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Legislative Assembly for the ACT: 1995 Week 7 Hansard (17 October) . . Page.. 1708 ..

MRS CARNELL (continuing):

There is simply no argument here. If people want to vote for the Liberal Party, for the Labor Party or for anybody else, the ballot paper tells them how to do it. What is the Labor Party talking about? They are talking about wanting to direct the people of Canberra where to put the 1, 2, 3, 4 and 5. The whole basis of Hare-Clark is to stop that. The whole basis of Robson rotation is to ensure that the people, not the parties, choose. That is the reason we support this approach. That is the reason we believe that this is the most democratic system in the world. I have been to a number of other places in the world, as I am sure Mr Connolly and other members of the Assembly have, and how-to-vote cards are not used there. How-to-vote cards are not used in Britain.

Mr Humphries: This basic democratic right!

MRS CARNELL: This basic democratic right! They are not used in America. They are not used in other countries. Why are they not used in other countries if this is a basic human right?

Mr Connolly: Because there is no compulsory voting.

MRS CARNELL: Interestingly, Mr Connolly says that it is because voting is not compulsory. You would think that would be an even bigger reason to have people at polling booths shoving bits of paper at anyone walking past. The fact is that it is not a basic right. What is a basic right is for people to have in front of them information on how to lodge a valid vote for whom they, not the party machine, choose.

I believe strongly that this is about democracy. Democracy is about giving power back to the people, not to party structures or to the unions. Ms Follett forgot to mention that the system Labor wants gives power not to the rank and file of the party but to the appropriate bits of the party that happen to have the numbers, as some members opposite found out. This Bill completes the implementation of Hare-Clark in an appropriate fashion - that is, with Robson rotation and with power going back to the people and not to the union movement, the Labor Party or the Liberal Party.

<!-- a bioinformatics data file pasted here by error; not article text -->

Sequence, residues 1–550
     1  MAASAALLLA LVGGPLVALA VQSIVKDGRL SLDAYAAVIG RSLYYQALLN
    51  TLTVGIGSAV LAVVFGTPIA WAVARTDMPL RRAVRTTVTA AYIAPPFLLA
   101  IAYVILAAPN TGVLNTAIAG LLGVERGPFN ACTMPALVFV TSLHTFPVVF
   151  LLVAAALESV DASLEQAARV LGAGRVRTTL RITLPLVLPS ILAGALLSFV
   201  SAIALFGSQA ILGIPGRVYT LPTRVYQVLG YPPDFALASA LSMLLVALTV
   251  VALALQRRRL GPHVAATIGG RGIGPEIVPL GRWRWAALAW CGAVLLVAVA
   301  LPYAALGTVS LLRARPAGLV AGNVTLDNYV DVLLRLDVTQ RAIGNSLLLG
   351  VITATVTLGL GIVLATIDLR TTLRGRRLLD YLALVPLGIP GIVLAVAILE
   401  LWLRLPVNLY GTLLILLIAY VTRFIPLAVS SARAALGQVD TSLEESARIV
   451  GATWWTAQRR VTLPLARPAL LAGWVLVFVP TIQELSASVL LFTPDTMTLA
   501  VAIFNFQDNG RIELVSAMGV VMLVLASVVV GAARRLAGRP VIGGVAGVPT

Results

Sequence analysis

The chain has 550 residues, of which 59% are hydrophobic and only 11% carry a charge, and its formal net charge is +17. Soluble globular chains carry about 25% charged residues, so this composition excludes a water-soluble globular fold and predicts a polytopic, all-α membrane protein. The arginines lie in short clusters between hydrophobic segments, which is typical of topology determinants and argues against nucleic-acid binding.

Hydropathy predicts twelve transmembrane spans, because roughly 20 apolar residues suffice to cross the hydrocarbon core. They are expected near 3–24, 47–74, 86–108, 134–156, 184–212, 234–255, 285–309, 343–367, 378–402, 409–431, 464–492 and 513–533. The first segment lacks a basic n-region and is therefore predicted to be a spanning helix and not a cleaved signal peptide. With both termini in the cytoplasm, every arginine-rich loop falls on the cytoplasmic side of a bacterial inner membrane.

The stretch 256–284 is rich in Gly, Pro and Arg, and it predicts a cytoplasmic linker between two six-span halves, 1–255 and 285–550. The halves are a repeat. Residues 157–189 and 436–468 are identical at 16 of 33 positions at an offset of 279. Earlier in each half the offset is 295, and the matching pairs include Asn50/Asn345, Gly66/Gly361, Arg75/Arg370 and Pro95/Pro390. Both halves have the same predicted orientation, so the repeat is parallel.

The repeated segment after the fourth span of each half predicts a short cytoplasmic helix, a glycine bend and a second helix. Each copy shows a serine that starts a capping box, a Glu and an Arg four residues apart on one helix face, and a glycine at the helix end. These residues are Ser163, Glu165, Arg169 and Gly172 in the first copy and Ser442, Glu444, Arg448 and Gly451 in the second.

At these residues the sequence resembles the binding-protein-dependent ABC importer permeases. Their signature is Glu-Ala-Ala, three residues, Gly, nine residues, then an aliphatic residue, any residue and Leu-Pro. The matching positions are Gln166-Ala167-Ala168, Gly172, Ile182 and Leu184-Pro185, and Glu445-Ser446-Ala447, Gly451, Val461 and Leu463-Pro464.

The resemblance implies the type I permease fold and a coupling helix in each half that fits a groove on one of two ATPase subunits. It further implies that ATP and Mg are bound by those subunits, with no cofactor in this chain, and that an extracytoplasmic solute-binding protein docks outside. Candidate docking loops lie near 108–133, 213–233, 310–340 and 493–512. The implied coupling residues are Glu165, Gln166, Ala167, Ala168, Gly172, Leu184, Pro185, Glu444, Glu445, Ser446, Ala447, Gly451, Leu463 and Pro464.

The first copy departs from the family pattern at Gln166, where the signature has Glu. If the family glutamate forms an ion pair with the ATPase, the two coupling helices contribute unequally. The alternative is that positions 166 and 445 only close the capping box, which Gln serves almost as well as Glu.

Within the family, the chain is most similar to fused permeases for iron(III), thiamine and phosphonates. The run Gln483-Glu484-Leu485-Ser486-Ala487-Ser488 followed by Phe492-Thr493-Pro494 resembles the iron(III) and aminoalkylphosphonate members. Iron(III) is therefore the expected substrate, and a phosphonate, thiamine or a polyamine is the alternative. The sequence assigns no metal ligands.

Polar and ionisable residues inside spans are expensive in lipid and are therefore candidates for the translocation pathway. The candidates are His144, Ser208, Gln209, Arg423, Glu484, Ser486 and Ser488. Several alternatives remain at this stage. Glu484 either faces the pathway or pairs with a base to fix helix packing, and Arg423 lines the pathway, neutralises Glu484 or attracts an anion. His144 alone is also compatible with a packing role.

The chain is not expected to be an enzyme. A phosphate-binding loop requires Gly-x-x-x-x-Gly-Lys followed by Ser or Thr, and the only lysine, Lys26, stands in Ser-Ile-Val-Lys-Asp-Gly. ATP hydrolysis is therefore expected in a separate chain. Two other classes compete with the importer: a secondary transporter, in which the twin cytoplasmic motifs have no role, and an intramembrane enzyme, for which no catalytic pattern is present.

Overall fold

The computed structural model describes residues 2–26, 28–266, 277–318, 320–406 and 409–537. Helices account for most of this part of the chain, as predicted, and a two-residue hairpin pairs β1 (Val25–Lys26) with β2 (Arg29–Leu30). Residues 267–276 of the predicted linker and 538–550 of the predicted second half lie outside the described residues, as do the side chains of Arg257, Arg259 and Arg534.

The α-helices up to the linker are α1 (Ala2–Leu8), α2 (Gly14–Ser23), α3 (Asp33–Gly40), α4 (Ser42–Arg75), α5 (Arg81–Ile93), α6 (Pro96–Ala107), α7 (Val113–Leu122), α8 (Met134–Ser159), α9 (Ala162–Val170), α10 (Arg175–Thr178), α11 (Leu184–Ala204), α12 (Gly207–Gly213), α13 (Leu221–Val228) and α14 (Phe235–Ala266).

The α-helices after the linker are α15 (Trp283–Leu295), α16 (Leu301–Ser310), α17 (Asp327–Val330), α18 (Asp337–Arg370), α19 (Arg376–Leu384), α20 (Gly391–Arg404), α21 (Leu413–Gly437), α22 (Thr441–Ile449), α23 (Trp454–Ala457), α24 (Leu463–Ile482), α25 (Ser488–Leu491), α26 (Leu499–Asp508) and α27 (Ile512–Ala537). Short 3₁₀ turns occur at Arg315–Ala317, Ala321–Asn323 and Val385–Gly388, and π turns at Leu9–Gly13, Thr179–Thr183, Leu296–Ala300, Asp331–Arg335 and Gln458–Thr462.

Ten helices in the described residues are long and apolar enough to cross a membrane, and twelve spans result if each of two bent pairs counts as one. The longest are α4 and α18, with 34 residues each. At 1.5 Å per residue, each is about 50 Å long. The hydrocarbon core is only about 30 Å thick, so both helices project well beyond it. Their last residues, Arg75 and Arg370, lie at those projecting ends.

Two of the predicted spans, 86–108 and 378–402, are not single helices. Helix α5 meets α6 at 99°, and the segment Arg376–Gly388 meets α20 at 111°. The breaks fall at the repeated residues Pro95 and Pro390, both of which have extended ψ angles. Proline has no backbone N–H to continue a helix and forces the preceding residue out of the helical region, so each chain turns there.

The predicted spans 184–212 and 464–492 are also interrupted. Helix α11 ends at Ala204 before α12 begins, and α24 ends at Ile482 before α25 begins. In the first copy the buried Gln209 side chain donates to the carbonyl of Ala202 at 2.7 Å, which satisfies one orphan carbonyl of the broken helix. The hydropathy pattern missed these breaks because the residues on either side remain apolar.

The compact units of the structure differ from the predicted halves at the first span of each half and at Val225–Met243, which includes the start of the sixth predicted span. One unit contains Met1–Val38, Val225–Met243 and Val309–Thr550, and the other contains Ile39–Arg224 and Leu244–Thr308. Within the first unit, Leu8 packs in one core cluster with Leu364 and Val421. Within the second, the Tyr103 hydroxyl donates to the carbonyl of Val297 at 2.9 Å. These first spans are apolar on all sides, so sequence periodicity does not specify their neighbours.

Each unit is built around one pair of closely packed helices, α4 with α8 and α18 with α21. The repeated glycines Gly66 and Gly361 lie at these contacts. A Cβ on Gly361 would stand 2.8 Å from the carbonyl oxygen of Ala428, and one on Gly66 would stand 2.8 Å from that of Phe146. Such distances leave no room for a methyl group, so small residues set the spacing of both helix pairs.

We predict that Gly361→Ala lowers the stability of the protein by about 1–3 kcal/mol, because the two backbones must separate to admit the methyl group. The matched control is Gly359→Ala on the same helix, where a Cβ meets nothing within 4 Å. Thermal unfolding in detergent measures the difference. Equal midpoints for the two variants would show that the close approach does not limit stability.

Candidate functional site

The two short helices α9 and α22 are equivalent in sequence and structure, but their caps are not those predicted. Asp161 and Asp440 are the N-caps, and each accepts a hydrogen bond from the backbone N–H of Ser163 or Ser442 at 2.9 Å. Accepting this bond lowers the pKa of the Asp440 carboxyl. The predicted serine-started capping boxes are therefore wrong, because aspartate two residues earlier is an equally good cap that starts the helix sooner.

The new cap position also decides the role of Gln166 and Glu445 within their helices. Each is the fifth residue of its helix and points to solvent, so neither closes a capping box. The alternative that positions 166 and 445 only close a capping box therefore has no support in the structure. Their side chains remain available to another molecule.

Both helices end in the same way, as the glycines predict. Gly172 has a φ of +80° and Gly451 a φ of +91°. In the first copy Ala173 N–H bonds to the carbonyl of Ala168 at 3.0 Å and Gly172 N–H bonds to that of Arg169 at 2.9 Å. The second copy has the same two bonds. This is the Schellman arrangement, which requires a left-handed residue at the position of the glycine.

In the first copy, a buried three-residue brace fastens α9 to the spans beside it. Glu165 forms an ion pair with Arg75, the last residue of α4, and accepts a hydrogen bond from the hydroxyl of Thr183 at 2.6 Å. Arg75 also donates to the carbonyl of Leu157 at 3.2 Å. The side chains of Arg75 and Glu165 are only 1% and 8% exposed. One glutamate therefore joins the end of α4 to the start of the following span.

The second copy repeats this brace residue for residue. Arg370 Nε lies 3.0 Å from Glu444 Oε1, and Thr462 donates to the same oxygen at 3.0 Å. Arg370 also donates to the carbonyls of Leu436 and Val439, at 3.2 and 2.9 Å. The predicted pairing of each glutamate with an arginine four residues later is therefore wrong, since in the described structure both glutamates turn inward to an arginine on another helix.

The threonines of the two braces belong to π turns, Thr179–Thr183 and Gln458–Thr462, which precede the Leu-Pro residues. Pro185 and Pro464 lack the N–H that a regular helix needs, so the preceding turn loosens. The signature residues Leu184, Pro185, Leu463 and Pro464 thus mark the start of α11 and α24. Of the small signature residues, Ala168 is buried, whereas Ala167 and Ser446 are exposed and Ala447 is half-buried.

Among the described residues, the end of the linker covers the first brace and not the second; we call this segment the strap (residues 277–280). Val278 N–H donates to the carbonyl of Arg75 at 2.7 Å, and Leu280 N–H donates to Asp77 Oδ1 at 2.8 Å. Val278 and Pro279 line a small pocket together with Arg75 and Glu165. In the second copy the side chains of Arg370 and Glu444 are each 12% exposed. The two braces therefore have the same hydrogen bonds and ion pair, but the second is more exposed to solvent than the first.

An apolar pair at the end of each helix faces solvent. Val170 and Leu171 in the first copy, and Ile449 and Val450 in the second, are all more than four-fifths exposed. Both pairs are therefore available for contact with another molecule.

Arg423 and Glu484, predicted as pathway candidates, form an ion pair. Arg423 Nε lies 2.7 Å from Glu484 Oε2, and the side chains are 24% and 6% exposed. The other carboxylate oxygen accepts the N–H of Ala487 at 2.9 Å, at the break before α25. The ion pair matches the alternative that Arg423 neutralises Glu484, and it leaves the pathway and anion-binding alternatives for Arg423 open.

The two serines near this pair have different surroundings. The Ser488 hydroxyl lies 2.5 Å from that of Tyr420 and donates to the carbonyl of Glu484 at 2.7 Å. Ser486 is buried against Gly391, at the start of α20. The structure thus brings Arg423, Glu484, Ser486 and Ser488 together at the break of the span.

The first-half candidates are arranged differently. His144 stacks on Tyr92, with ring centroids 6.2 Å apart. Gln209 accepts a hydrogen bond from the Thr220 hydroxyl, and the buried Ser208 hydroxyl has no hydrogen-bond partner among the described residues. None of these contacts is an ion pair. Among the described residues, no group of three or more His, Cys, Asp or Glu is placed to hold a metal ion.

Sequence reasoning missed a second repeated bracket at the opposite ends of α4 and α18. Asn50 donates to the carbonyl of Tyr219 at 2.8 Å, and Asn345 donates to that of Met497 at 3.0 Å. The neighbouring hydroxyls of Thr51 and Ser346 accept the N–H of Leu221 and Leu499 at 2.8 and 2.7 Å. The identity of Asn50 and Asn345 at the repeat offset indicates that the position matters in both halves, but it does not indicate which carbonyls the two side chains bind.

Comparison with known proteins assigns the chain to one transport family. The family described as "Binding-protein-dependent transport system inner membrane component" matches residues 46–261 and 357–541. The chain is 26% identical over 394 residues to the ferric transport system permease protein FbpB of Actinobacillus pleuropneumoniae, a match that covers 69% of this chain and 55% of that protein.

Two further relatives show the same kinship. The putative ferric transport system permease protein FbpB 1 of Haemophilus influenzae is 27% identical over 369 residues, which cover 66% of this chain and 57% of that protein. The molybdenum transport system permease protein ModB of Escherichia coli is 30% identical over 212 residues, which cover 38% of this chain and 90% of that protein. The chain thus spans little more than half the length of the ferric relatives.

MR CONNOLLY (12.14): Mr Speaker, the Labor Party is protecting something that has been a part of the democratic tradition in Australia, if not since the introduction of the secret ballot - the so-called Australian ballot - back in the nineteenth century, then certainly since the early part of this century when the compulsory requirement of citizens to attend a polling place was introduced.

Many of us who have been around politics and been members of political parties for a decade or two or three or four would know that throughout Australia it is the tradition on election day that party members and supporters turn out and distribute how-to-vote cards. We heard a tirade from members opposite about intimidation and harassment. They say that banning how-to-vote cards will remove from voters the fear of being harassed while going from their car into a polling place. The lie to that is the study that the Electoral Commission did. It showed a very low level of dissatisfaction among Canberra voters with procedures at polling places.

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